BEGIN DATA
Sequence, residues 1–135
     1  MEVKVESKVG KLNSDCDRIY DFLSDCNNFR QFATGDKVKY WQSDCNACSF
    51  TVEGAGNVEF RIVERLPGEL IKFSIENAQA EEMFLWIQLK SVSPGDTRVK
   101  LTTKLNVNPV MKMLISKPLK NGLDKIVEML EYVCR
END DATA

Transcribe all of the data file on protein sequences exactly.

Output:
Sequence, residues 1–135
     1  MEVKVESKVG KLNSDCDRIY DFLSDCNNFR QFATGDKVKY WQSDCNACSF
    51  TVEGAGNVEF RIVERLPGEL IKFSIENAQA EEMFLWIQLK SVSPGDTRVK
   101  LTTKLNVNPV MKMLISKPLK NGLDKIVEML EYVCR